Parallelizing Training: Async SAC on Humanoid
This tutorial looks at a technique for parallelizing network training.
Earlier in Environment Spec: A2C on Pong we learned that environments can be parallelized using vectorized environments. This can be useful especially when stepping the environment is a speed bottleneck., which is usually the case in on-policy algorithms like A2C and PPO.
On the other hand, when our run time is bottlenecked by the training speed of the networks of an algorithm, it is a good idea to parallelize network training. One popular method to do so is asynchronous parallelization using Hogwild! Parallelization of network training seem daunting in most cases since it may require complex infrastructure like parameter server and distributed computing.
Fortunately, there is an extremely simple way to use Hogwild! in PyTorch using native multiprocessing and memory-sharing, if the process is contained within a single machine. This fits the scale of most deep RL experiments in SLM Lab, thus we have implemented it as part of the standard API so that all algorithms implemented can easily be trained in parallel.
This is done by leveraging the Trial-Sessions infrastructure of SLM Lab. When parallelization is enabled, SLM Lab Trial will create a Session and set the agent networks in it as global networks. Then, it simply runs the Trial with a simple tweak – by letting Sessions share global networks. Effectively, Sessions function as asynchronous workers, and everything else runs as usual.
Like all the features in SLM Lab, Hogwild! can be activated by specifying it in the spec file. Since this feature is above Sessions, it fits within the meta spec reserved for higher level configurations.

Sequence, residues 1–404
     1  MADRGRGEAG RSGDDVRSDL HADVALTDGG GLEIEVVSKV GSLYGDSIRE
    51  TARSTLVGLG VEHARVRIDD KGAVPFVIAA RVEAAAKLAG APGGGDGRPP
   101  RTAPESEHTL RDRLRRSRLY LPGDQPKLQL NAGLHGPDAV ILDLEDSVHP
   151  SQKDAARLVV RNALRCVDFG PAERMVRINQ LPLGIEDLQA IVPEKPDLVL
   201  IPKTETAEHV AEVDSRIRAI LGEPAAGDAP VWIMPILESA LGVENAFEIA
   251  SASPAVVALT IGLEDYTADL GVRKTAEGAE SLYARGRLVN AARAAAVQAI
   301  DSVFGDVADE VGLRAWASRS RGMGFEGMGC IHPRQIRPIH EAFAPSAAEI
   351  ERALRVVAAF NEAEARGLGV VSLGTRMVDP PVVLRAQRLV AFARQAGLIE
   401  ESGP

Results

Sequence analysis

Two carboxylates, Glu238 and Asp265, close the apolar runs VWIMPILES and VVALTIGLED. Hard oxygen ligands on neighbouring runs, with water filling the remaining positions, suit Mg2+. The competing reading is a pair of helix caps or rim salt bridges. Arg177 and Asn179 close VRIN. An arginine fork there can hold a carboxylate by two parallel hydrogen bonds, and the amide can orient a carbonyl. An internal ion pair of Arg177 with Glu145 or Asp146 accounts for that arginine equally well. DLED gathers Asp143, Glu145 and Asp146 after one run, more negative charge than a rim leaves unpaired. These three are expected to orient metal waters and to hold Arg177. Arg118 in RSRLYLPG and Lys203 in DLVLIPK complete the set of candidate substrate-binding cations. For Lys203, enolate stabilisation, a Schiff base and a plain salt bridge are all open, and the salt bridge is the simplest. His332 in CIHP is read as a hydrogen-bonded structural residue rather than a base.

// Parameter for Trial.run(), to enable network sharing in memory among Sessions.
// - false: disable Hogwild!
// - "shared": enable Hogwild!, share parameters all the time
// - "synced": enabled Hogwild!, sync parameters only after training step
- "shared": sharing the network parameters all the time. This is useful and all Sessions can access the latest global network parameters whenever they are updated.
- "synced": periodically synchronize the network parameters. This is useful when we need a on-policy guarantee when training on-policy algorithms.
SAC (Soft Actor Critic) is a sample efficient and off-policy algorithm. However it is very slow to train, since it consists of a policy network and 2 Q-networks. As a result, although reaching a particular performance at a task takes less number of frames, it can take longer in terms of wall clock time.
This makes SAC a good use case for applying parallelization to, i.e. creating an asynchronous variant of it – Async SAC. As an example, let's look at an example spec from slm_lab/spec/benchmark/async_sac/async_sac_roboschool.json.
Humanoid is a difficult robotic control task that requires many samples to train on for most algorithms, hence it is standard to evaluate it on 50 million frames. If run without parallelization on SAC, this would take a month to complete a single session. By parallelizing ("distributed": "shared") with 16 sessions ("max_sessions": 16) as given in the meta spec above, this reduces the run time by x16, so it will complete in 2 days.
Let's run a Trial using the spec file above:
python run_lab.py slm_lab/spec/benchmark/async_sac/async_sac_roboschool.json async_sac_humanoid
This trial will take about 2 days to complete, but due to SAC's sample efficiency, we should be above to observe the rewards climbing rapidly to above 1000 within 10 million frames (10 / 16 million frames when counted on Session's individual frames). As usual, when the trial completes, we will be able to see a trial graph similar to the one below:
We can also smoothen the trial graph by plotting its moving average over a window of 100 to obtain the graph below.
Note that the trial graph is generated as usual by taking an average of the sessions, but since sessions share networks their performance are very close, hence the small error envelope. Additionally, the horizontal axis is the frame count per individual session, hence to get the global frame count we need to rescale the axis by the number of sessions, which is 16 in this case, but we will not do so here to keep this tutorial simple.
To see how Async SAC compares with the other algorithms (with the global frame count adjustment), check out Continuous Benchmark.